5. The German army did not commit massacres as it arrived in Hungary. What we refer to as massacres were exclusively planned by the Hungarian authorities and partially carried out by them. Proposals to place the entire Jewish population in ghettos had been floated in Parliament as early as 1941, and it was only the tactical maneuverings of prime minister Miklós Kállay and Miklós Horthy, the head of state, that had stopped the proposals coming to a vote. But by March 1944, Hungary’s state bureaucracy had made the necessary preparations for bringing several hundred thousand people’s lives to a close, making sure that they had fully paid their water, electricity and gas bills before they were loaded into the cattle trucks.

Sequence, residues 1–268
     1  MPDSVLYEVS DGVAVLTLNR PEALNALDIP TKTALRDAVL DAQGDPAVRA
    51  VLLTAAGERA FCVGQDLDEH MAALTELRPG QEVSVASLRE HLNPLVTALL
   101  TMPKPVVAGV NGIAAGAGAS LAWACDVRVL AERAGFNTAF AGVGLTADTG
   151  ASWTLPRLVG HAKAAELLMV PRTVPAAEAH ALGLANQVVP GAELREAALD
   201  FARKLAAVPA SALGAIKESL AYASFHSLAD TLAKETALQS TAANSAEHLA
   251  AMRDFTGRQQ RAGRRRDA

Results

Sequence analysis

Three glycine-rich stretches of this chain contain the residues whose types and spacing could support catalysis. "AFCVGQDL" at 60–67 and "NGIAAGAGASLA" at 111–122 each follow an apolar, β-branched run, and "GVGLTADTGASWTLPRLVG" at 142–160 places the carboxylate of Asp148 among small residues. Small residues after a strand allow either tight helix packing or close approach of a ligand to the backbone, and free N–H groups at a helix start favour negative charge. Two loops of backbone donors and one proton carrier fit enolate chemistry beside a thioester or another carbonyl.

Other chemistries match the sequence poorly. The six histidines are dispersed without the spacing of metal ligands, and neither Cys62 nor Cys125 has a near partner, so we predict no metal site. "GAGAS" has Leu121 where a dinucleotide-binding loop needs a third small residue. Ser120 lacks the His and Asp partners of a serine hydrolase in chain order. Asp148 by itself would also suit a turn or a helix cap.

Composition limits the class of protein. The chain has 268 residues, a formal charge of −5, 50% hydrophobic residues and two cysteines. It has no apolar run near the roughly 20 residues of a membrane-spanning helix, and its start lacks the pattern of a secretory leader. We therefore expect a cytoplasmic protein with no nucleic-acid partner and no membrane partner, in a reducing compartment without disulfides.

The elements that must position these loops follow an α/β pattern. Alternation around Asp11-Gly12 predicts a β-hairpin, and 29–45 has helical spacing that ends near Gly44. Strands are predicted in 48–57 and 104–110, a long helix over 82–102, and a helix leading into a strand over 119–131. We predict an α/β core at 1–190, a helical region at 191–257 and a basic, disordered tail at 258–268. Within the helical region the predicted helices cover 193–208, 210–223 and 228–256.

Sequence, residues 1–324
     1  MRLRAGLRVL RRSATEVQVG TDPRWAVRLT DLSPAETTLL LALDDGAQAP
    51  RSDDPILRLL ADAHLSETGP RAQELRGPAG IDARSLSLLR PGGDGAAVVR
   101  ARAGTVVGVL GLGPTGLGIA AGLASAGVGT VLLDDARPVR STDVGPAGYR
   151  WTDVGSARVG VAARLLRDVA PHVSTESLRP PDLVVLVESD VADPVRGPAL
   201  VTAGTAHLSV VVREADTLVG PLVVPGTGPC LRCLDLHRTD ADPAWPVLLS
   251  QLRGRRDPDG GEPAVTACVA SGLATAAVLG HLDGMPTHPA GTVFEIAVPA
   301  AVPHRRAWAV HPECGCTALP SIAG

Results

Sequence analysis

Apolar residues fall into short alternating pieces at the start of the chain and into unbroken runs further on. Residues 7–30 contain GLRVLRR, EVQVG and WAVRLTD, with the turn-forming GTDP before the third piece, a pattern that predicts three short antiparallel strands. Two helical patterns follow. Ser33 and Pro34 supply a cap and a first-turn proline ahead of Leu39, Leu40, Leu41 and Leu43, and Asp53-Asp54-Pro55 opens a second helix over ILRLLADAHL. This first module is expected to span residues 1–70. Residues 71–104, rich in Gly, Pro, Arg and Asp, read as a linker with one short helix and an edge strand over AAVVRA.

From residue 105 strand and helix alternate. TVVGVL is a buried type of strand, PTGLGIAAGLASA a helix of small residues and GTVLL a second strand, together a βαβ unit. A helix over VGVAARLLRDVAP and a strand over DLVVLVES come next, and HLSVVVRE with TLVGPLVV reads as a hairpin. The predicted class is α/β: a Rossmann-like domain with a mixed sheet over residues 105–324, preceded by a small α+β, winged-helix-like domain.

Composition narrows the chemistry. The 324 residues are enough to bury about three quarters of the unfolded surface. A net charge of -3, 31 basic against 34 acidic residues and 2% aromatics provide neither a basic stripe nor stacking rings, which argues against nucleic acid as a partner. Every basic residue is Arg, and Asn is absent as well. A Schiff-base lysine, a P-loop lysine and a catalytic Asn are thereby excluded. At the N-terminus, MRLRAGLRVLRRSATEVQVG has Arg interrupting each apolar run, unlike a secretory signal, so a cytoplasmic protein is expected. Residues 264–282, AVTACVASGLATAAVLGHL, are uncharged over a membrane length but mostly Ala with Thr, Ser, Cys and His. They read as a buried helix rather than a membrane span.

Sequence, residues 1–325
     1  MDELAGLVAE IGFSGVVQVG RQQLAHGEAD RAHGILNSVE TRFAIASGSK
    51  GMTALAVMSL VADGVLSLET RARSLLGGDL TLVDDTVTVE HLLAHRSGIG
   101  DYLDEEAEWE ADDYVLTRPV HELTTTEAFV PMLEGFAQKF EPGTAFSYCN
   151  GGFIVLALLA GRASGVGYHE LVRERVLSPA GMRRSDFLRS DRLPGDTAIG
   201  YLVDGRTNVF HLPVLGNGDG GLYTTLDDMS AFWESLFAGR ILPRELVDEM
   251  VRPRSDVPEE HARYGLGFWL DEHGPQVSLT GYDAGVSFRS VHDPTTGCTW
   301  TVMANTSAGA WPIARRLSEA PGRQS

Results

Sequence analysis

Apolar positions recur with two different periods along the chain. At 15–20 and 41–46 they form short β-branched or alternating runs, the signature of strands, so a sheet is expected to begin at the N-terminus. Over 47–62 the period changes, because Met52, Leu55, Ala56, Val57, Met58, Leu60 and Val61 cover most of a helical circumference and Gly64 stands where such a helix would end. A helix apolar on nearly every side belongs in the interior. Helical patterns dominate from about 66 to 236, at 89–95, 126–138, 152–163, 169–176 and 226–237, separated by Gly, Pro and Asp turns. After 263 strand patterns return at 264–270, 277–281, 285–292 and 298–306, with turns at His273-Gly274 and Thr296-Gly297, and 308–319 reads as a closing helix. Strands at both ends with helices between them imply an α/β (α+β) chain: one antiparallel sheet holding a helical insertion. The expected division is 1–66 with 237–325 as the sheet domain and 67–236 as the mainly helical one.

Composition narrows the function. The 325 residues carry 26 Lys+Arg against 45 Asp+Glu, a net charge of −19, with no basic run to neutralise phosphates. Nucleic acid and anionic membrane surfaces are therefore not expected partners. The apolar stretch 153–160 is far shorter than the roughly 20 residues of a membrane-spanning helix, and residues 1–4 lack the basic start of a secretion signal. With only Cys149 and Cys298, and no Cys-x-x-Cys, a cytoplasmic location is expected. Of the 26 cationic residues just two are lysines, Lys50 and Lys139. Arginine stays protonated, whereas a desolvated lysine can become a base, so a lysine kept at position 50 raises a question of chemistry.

6. Here it’s worth recalling that Hungarian authorities were not just implementing ideas they had got from the Germans. Some anti-Semitic measures were enacted over the protests of the Germans, as with the deportations to Kamenets-Podolskii, where in their eagerness, Hungarian authorities caused a humanitarian catastrophe by sending 10,000 robbed and starving Jews to an already devastated area. Some of them were immediately killed in ‘amateur’ pogroms carried out by local Ukrainian anti-Semites. It was only after this that the Germans decided to kill the Jews in order to ensure there was enough food for the local Ukrainian population, reduce the risk of an epidemic and to further their own anti-Semitic programme. This was the first mass murder in the history of the Holocaust whose number of victims ran into five digits. But the Hungarians behind the deportation had known from the outset that their actions would result in mass murder. Miklós Kozma, government commissioner for Carpatho-Ruthenia, the man principally responsible for the action, wrote as early as 1940 in his diary that “Himmler, Heydrich and the radicals are doing what they want to do. In Poland, people are being exterminated … The Polish Jewish ghetto near Lublin is partially solving the Jewish question, so vast is the scale of the deaths.” In July, news arrived of executions, but this did not stop the perpetrators – symbolised in the present monument by the Archangel Gabriel – from carrying on.